Usage rates will determine the value of any ingredient, one producer saved over $1.00 per pig by allowing grower diets to use up to 7.5% canola and finisher diets up to 10%. Pea usage up to approximately 30% of the diet is feasible. The net value of this tip will vary widely depending on the pricing and availability of alternative ingredients.

  3. Selecting ingredients for their nutritional content not their bushel weight has been clearly defined as a significant way to ensure performance when considering distressed and other ‘low quality grains’. Barley and various classes of wheat have been thoroughly examined for their dietary energy content and feed intake effect.

    Studies have shown that on average, a 1% rise in ADF (acid detergent fibre) results in a 93 kcal (3%) fall in DE (digestible energy) in barley. To make use of this information a pork producer needs to take representative samples of the grains they plan to use for the coming months and send these to the lab for protein, and either acid detergent fibre (ADF) for barley or neutral detergent fibre (NDF) for wheat.

    The level of savings will be dependent on having access to grains that provide energy in excess of their current market value (such as distressed grains), or improved confidence in a wider variety of ingredients such as the recent work on wheat which demonstrates all of the common wheat varieties provide similar energy values to pigs. (Annual Research Report 2001, pg 22)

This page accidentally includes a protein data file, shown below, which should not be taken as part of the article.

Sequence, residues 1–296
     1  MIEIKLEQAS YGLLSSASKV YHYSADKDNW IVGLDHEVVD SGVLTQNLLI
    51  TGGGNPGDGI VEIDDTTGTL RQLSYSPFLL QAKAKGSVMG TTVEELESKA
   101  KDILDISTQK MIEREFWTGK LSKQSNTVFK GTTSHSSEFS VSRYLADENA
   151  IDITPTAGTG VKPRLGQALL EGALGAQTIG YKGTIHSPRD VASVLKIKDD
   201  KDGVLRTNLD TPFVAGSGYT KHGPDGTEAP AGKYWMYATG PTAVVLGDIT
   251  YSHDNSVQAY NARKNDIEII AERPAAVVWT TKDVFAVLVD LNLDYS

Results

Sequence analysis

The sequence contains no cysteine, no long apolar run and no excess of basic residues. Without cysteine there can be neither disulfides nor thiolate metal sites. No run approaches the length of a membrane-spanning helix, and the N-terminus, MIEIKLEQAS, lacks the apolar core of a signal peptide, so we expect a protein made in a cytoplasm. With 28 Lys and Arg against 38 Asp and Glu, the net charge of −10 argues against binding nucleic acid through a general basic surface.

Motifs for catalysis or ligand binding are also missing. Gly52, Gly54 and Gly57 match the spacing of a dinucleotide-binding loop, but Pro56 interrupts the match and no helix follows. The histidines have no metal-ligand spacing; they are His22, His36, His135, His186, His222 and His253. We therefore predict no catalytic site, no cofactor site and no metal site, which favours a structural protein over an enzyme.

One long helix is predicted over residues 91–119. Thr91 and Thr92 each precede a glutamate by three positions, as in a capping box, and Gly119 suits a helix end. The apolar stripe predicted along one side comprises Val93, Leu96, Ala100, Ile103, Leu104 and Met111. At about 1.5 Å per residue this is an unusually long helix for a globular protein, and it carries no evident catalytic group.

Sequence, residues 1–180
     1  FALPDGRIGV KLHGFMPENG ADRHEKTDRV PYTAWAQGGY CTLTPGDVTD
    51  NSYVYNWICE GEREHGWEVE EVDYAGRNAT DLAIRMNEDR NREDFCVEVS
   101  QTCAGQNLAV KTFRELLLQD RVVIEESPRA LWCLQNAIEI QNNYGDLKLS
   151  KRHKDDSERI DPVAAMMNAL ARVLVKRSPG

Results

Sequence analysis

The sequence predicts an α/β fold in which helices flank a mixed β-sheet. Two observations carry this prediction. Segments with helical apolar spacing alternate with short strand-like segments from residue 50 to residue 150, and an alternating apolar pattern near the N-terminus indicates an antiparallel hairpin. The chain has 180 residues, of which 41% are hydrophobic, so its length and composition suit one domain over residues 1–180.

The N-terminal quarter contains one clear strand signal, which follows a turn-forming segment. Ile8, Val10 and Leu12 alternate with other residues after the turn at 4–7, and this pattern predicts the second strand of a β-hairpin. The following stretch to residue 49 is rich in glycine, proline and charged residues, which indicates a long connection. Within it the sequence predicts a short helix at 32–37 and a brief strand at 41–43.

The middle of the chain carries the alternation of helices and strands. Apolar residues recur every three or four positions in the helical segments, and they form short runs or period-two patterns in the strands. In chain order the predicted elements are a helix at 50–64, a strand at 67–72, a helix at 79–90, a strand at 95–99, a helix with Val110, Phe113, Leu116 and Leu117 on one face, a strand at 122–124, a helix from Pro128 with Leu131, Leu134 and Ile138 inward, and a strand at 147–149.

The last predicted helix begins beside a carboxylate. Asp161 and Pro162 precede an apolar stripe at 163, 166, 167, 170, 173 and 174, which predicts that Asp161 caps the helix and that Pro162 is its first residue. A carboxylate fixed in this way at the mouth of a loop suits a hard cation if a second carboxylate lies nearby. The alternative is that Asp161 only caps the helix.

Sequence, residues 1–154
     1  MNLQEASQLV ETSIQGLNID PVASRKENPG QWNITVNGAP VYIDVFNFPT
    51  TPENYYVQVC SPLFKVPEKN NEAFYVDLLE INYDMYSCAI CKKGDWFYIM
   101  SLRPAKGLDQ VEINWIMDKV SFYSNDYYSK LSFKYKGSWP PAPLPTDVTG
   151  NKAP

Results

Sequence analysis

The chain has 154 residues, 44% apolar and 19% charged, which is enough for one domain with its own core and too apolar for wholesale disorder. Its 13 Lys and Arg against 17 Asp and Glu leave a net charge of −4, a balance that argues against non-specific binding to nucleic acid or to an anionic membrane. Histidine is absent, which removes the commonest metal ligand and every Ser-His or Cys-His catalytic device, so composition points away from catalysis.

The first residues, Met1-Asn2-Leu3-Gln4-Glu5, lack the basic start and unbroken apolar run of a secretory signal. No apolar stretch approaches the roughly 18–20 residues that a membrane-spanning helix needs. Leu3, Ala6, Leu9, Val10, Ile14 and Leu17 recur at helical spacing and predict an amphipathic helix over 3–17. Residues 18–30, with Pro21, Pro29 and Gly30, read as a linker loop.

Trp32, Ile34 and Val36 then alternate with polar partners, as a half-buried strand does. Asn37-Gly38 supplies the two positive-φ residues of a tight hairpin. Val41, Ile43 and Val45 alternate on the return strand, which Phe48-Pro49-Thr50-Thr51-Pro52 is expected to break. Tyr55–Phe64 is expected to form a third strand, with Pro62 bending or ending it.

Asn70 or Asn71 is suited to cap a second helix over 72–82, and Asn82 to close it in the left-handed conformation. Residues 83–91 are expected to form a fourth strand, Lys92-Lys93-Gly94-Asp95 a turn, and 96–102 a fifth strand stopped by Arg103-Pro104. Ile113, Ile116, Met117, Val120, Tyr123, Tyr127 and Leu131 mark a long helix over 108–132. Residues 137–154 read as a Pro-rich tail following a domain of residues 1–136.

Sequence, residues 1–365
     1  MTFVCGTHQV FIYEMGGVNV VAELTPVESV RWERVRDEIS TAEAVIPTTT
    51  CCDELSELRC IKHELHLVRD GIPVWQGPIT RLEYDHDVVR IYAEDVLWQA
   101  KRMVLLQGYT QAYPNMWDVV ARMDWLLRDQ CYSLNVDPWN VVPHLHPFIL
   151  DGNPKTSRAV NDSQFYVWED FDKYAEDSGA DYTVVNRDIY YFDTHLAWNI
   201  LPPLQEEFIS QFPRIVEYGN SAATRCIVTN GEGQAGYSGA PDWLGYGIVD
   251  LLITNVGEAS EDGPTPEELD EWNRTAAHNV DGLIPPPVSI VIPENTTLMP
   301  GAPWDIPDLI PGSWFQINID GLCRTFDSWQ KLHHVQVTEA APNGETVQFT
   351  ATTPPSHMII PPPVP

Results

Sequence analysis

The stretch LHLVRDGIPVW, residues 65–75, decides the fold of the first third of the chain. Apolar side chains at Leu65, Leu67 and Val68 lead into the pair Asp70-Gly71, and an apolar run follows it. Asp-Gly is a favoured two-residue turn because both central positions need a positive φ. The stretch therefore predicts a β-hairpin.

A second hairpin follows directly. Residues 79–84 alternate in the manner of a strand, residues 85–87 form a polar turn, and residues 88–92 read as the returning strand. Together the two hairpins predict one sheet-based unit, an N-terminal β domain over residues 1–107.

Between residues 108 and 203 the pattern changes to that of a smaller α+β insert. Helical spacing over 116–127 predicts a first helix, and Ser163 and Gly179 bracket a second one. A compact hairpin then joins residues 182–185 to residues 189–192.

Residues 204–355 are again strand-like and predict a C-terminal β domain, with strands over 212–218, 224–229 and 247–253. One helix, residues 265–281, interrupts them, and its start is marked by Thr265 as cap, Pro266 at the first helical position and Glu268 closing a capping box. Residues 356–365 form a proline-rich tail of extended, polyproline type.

4. Using phytase in starter and grower rations allows requirements to be met while reducing dependence on mineral phosphorus sources. The level of phytase usage varies depending on the concentration of the product selected, recent work supports that 250 FTU/kg of phytase added to diets of growing pigs maintained performance compared to diets without phytase.

    Until recently, most if not all practical grower and finisher diets as well as sow diets were bringing Phytase into the Least Cost Formulation. Dropping grain prices have challenged last year’s economics in this area. More information on phytase can be found in Centred on Swine Vol 10, No 3, Fall 2003.

  5. Current marketing grids dictate that ‘eyeballing’ market weight isn’t going to generate the maximum revenues. But what methods are available to balance workload and hitting the core? Knowing growth rates near market by weighing groups of pigs leading up to market allows you to use a system of weighing every two weeks. This method requires you weigh all pigs at the first shipping day.

    All pigs in the correct weight are shipped that day, but by knowing the typical ADG, you can project forward one week and mark those pigs with a distinct colour that will be ready next week, and different from the colour markings on the pigs to be shipped this week. There are herds that have improved their ability to market only 70% in the core and increase this to 90%+ using this method. The result is approximately $3.50 per hog at $1.10/kg market prices and $160/tonne finisher feed pricing.

Further Information

To read Part II please click here

Source - Prairie Swine Centre - March 2004